A La Porte County Life In The Spotlight: Hannah Hammond Hagman

A La Porte County Life In The Spotlight: Hannah Hammond Hagman
By: Rebecca Libauskas Last Updated: January 2, 2019

Hannah Hammond-Hagman spreads the power of art through education. As the Education Director for the Lubeznik Center for the Arts in Michigan City, Hannah uses her wealth of experience to share art with the hearts and minds of the La Porte County community.

“Art is for everyone,” Hannah said. “Over my time working in art education, I have witnessed the transformative power that it has in lives.”

Hannah was raised through creativity as both her parents were artists and encouraged her to explore art at a young age. She was born in Chicago, but moved to Michigan City and then to Valparaiso. In high school, Hannah was gifted a camera by her grandfather.

“The camera was the first medium I took seriously,” Hannah said. “Also, it was my first teaching job! I taught photo to a small group of kids at the Boys and Girls Club in Valpo when I was in high school.”

With the loving support of her parents, Hannah chased after her love of photography and earned a BFA in Photography from Indiana University. She went on to earn her MFA from The School of the Art Institute Of Chicago in Photography and Studio Art. When it was time to choose a career, Hannah was not certain if the field of education was for her. Even though she was weary, an opportunity presented itself and she gave teaching a chance.

“I taught high school for Visual and Performing Arts and that was transformative for me,” Hannah said. “After my first day, a colleague, Janet Adduci, said ‘You’re made for this.’ It’s like I didn’t choose arts education, it chose me. Sometimes I still hear Janet’s voice when I’m in doubt.”

Hannah led an exciting career, lived on both coasts, and taught thousands of students. After years of valuable experience, she and her husband, Ezra Burke, decided it was time to return to the region and grow roots with their son, Avi. They now live in Valparaiso. Hannah taught for the Lubeznik Center when she returned, and was offered the position of Director of Education; a role that she has loved for the past two years.

“I believe that while arts education teaches techniques, there is something else that happens. It grows critical thinking, problem solving, and other skills that help, no matter what you choose to do.”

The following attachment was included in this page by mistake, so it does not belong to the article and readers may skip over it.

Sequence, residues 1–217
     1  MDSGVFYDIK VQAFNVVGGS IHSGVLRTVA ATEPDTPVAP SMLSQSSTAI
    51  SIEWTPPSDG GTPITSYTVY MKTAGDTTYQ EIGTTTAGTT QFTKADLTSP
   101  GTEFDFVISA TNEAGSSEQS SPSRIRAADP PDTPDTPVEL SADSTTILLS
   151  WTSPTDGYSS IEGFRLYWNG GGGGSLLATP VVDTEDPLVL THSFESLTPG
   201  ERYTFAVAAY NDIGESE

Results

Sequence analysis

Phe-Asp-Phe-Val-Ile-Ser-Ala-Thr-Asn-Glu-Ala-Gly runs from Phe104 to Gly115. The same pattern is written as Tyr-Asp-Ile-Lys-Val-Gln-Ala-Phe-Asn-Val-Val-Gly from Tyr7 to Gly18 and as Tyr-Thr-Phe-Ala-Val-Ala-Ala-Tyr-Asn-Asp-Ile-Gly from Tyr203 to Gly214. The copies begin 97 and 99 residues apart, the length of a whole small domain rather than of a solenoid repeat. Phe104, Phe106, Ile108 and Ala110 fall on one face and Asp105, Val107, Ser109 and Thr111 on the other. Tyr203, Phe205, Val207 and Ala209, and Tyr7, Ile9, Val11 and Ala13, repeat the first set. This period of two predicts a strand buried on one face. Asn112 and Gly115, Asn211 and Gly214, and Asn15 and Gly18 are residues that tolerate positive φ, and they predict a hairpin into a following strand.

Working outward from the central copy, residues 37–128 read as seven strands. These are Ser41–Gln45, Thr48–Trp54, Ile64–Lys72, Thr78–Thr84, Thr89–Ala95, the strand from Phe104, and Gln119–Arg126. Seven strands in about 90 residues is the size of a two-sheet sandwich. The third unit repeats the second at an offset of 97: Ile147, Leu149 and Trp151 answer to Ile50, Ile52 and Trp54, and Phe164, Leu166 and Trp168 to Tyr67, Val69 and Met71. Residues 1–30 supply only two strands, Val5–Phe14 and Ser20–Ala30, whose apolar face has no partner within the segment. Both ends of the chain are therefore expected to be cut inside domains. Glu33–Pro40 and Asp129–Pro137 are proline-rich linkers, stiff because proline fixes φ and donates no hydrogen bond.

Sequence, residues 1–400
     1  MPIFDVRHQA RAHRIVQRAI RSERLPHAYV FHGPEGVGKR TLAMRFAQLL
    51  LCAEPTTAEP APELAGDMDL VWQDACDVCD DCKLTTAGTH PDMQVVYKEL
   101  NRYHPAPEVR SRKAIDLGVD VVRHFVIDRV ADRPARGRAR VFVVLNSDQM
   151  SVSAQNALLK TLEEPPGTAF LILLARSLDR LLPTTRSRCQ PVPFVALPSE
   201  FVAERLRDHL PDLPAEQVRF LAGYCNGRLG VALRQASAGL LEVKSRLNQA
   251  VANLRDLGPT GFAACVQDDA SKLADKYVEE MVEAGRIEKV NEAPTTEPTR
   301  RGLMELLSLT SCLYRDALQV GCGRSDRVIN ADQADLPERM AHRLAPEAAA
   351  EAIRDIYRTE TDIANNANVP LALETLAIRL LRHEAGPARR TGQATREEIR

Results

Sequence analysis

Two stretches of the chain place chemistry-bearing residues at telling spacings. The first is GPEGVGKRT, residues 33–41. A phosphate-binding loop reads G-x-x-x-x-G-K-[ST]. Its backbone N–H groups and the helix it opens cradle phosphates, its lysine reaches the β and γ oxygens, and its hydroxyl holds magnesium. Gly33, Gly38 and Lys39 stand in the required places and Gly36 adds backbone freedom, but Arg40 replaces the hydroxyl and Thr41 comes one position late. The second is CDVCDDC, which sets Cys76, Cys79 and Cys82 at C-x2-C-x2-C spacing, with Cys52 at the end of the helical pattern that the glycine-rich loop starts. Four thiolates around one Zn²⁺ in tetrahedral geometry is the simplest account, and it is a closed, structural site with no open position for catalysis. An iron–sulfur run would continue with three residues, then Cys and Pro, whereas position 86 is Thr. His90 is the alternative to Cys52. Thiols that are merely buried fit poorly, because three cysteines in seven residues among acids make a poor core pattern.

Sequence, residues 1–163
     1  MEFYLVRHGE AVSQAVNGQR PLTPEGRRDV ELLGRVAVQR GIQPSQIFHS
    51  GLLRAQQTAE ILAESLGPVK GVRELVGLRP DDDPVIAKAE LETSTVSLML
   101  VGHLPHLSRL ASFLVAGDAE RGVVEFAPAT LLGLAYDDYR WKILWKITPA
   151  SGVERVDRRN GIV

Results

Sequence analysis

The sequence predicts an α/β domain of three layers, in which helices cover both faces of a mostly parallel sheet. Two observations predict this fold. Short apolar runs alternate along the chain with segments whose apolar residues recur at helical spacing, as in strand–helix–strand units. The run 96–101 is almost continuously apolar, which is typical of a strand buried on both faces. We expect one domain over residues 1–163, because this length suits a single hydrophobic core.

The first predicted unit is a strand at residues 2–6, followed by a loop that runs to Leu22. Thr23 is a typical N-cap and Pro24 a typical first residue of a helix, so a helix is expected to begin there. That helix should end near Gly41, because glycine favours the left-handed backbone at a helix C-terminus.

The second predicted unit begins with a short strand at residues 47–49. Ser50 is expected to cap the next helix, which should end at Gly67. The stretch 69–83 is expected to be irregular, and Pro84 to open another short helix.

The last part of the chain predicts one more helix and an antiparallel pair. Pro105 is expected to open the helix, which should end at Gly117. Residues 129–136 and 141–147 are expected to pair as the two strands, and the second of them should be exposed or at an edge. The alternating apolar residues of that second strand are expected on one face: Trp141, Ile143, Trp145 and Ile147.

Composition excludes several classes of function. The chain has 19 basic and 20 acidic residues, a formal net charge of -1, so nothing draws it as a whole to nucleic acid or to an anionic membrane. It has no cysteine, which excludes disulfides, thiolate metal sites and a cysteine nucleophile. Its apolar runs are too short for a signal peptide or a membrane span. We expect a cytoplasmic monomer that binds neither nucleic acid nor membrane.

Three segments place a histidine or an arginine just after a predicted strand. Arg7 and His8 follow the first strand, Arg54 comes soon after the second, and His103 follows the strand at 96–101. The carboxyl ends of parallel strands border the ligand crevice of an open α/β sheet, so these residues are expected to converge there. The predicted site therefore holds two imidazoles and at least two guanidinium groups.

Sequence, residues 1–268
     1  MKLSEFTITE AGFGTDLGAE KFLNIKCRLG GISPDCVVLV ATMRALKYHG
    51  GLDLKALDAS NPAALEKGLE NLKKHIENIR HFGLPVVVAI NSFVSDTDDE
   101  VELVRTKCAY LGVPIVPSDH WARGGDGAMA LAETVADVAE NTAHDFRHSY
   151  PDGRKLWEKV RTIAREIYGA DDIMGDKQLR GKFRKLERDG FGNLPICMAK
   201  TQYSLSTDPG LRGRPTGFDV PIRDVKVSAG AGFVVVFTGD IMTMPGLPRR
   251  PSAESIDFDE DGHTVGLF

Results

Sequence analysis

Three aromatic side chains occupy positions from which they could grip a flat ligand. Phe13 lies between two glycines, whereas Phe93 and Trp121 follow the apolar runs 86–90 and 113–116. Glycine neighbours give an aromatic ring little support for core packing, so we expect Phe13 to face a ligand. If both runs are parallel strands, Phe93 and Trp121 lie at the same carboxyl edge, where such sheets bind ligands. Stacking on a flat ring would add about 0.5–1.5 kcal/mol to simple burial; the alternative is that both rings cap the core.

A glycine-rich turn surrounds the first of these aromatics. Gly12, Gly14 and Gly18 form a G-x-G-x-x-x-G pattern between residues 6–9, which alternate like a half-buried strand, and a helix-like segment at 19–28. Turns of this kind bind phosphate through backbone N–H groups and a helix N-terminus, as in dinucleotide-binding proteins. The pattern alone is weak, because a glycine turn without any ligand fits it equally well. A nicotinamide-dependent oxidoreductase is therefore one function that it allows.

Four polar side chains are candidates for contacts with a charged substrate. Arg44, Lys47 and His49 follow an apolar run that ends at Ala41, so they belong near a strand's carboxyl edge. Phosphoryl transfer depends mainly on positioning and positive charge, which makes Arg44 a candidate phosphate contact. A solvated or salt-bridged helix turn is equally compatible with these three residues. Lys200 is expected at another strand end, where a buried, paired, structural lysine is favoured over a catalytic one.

There are many rewarding aspects of Hannah’s job. An example is when she witnesses the impact art has on young people. Even though being the Director of Education includes duties outside of the classroom, she is committed to visiting classrooms and welcoming some of the 2,000 students that visit the Lubeznik Center.

“My favorite thing is to have all the minds in the building,” Hannah said. “Hearing the gallery abuzz with insight, when kids enter into that space, it’s like all of those pieces are coming together. It’s a beautiful thing.”

Hannah explained that for some kids, visiting the Lubeznik Center is their first experience in a gallery setting. It is her goal to make it a welcoming, interactive place where their voices are respected and honored.

Hannah is busy with after school programs, special projects, and even developed a teen arts council. She enjoys being able to talk to young adults about their art, help them price and title their work, and build opportunities for them.

“Sometimes the voices of teens are lost,” Hannah said. “We currently have kids that represent 6 regional high school and these kids need each other.”

The Lubeznik Center receives a lot of support from their partners and from the Michigan City community as a whole, according to Hannah. She feels fortunate to be a part of a community that knows the value of art.

“When you work in arts, we have to constantly validate and advocate for them,” Hannah noted. “We know what the arts bring to a community; it speaks to our humanity and hope. Thankfully, Michigan City values us and the work we do and the schools advocate for the arts.”

Although Hannah is happily occupied with her career and family, she still makes time to flex her own artistic muscle. She not only does photography but also works with a variety of media. Her recent projects have been temporary sculptural public art that she developed alongside members of the community. She encourages anyone to get out there and participate in art, no matter their age or skill level.

“Arts are vehicle of self expression,” Hannah said. “Trust yourself and your vision.”